Open, Edit, and Convert BIB and BIBTEX Files

How to digital bibliographies work?

What to Know

  • A BIB file is a BibTeX Bibliographical Database file.
  • Open one with JabRef or any text editor.
  • Convert to HTML, RTF, TXT, etc. with those same programs.

This article explains what a BIB file is, how to open one on your computer, and how to convert one to a different file format like RIS or XML—you can also use the BIB file in Microsoft Word.

What Is a BIB File?

A file with the BIB file extension is a BibTeX Bibliographical Database file. It's a specially formatted text file that lists references pertaining to a particular source of information. They're sometimes seen with the longer .BIBTEX file extension.

BibTeX files might hold references for things like research papers, articles, books, etc. Included within the file is often an author name, title, page number count, notes, and other related content.

These files are typically used with LaTeX, and might therefore be seen with TEX and LTX files.

BIB Files

How to Open BIB Files

BIB files can be opened with JabRef, MiKTeX, TeXnicCenter, and Citavi.

Although the formatting won't be as structured and easy to read as with one of the above programs, and adding new entries isn't as fluid, BibTeX files can be viewed in any text editor too, like the Notepad program in Windows.

Bibtex4Word might be what you're looking for if you need to use the file in Microsoft Word. However, see another method below that involves converting the file to an acceptable Word file format and importing it into Word as a citation file.

If you find that an application on your Windows PC does try to open the BIB or BIBTEX file but it's the wrong application, try changing which program opens it.

How to Convert a BIB File

Bib2x is able to convert BIB files to formats like XML, RTF, and XHTML, on Windows, Mac, and Linux. Another option, though only for Mac, is BibDesk, which can convert BIB to PDF and RIS.

Another way to convert BIB to RIS for use with EndNote, is with bibutils.

However, if you're already using the programs mentioned above, like JabRef for example, you can export to TXT, HTML, XML, RTF, RDF, CSV, SXC, SQL, and other formats, using the File > Export menu.

If you save the file to the "MS Office 2007" XML file format with JabRef, you can import it directly in Word through the Manage Sources button in the Citations & Bibliography section of the References tab.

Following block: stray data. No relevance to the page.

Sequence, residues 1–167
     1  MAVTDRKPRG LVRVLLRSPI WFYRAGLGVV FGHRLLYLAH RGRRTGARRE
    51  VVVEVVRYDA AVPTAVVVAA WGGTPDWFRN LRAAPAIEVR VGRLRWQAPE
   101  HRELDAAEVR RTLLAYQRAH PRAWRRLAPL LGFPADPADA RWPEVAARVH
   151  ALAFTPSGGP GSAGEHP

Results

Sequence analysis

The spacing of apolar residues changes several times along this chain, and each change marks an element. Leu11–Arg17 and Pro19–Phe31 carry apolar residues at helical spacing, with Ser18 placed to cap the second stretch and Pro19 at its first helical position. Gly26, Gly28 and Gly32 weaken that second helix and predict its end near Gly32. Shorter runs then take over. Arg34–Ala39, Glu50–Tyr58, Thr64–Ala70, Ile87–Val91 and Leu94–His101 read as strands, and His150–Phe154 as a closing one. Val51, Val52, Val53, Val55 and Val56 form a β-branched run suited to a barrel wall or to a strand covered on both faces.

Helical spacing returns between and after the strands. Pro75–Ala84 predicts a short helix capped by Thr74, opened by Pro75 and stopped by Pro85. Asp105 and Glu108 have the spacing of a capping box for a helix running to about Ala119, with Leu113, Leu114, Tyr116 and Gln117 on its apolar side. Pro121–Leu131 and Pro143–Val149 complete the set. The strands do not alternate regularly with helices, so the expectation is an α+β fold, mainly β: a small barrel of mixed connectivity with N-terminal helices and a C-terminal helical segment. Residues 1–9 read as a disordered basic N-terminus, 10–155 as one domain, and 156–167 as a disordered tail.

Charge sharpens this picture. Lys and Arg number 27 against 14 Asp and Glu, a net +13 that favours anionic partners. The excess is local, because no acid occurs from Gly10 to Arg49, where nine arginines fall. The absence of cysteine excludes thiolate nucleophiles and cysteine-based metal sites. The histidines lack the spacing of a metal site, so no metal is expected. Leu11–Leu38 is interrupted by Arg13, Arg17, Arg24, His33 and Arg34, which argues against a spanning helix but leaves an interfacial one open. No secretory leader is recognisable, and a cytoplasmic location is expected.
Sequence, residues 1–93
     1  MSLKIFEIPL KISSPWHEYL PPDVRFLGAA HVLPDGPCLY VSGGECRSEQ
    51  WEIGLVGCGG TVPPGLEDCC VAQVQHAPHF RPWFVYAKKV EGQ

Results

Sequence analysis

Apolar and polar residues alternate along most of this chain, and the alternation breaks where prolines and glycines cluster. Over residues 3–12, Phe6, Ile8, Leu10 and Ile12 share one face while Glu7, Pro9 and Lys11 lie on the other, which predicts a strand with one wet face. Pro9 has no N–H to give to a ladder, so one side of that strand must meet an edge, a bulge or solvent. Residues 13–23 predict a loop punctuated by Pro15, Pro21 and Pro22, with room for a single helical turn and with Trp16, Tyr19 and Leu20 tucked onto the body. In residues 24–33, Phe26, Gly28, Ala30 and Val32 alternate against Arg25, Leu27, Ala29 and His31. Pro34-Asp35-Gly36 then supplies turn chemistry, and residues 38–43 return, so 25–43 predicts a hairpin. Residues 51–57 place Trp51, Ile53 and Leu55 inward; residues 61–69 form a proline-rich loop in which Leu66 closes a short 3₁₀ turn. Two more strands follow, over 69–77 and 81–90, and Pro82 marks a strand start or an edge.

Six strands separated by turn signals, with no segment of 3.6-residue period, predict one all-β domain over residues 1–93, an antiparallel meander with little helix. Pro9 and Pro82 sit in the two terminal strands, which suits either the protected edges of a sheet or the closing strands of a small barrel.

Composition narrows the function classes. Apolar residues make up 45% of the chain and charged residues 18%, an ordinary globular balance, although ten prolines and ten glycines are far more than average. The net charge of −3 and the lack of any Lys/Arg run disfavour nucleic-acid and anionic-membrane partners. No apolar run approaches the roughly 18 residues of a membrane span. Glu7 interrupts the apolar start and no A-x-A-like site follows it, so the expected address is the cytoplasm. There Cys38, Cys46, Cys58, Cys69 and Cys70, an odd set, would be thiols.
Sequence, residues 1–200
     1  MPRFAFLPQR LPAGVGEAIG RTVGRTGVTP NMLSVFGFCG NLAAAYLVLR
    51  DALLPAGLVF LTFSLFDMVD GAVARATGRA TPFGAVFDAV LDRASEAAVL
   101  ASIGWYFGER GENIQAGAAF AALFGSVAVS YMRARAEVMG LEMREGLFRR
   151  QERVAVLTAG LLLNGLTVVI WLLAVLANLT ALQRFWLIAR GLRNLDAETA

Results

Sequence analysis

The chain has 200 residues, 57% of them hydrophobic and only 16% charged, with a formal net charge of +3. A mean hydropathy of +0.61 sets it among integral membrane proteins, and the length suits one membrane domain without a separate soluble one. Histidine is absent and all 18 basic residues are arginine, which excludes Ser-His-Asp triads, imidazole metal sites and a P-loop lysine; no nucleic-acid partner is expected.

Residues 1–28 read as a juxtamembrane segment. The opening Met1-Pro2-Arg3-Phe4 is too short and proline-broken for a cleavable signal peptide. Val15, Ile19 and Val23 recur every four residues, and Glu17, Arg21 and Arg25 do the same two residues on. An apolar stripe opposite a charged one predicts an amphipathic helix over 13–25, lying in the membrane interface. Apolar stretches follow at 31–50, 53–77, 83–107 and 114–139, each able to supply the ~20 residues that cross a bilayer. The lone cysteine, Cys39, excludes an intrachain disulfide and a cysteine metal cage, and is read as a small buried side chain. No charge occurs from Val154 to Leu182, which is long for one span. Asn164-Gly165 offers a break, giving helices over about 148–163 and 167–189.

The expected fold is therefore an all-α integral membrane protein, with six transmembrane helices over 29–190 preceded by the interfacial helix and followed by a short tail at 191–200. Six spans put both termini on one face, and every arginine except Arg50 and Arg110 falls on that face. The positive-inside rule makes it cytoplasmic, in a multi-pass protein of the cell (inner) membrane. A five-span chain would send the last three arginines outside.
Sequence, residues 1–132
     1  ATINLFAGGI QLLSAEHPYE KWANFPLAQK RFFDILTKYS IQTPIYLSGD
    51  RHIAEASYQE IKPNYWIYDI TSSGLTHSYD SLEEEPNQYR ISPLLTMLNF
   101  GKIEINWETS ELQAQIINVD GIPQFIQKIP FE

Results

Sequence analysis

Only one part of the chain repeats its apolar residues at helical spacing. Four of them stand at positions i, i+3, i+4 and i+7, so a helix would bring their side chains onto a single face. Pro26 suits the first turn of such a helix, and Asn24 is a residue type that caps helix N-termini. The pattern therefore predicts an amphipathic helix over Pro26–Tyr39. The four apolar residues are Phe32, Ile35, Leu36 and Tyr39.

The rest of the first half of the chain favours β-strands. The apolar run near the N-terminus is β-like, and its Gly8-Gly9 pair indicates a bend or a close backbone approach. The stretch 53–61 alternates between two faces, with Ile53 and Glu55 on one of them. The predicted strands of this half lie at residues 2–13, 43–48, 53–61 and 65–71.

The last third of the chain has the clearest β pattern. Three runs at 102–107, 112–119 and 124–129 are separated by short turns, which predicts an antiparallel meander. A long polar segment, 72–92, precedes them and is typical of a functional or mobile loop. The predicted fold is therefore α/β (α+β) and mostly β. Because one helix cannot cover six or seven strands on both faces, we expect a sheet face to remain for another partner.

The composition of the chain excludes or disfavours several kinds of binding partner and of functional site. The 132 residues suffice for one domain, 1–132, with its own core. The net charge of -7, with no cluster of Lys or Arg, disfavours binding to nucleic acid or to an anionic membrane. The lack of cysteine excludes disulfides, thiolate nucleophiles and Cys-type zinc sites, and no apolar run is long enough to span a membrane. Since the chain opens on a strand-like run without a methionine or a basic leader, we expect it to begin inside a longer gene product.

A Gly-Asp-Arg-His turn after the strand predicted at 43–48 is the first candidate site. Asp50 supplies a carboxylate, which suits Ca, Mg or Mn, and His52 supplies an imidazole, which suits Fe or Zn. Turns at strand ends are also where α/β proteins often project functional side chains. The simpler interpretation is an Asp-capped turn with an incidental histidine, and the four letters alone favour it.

Notepad++ can save a BIB file as a TEX file.

Cite This For Me is a website that lets you create citations for a bibliography. It can also be used to export your citations to the BIB format.

How BIB Files Are Structured

Following is the correct syntax for the BibTeX file format:

@entry type{citation key,AUTHOR = "Author name",TITLE = "Title of book",PUBLISHER = {Name of publisher},ADDRESS = {Location published}}

In the "entry type" area is where the source type is to be entered. The following are supported: article, book, booklet, conference, inbook, incollection, inproceedings, manual, masterthesis, misc, phdthesis, proceedings, techreport, and unpublished.

Within the entry are fields that describe the citation, such as number, chapter, edition, editor, address, author, key, month, year, volume, organization, and others.

This is what it looks like to have multiple citations within one BIB file:

year={2008}},@book{brady_2016,place={[Place of publication not identified]},title={Emotional insight},publisher={Oxford Univ Press},author={Brady, Michael S},year={2016}},@article{turnbull_dombrow_sirmans_2006,title={Big House, Little House: Relative Size and Value},volume={34},DOI={10.1111/j.1540-6229.2006.00173.x},number={3},journal={Real Estate Economics},author={Turnbull, Geoffrey K. and Dombrow, Jonathan and Sirmans, C.F.},year={2006},pages={439-456}}

Still Can't Open It?

If you can't get the programs from above to open your file, check the file's extension to make sure it reads .BIB or .BIBTEX. If it's anything else, chances are you can't use the programs on this page to open it.

It might be easy to confuse either file extension with one of another format. For example, although BIB looks an awful lot like BIN, the two aren't related even in the slightest, and therefore can't open with the same software.

The same is true for BB, BIK, BIG, BIP, and BIF. The idea is to make sure the file extension truly says that it's a BibTeX file, otherwise you need to research the actual extension your file has so you can learn how it opens or converts.

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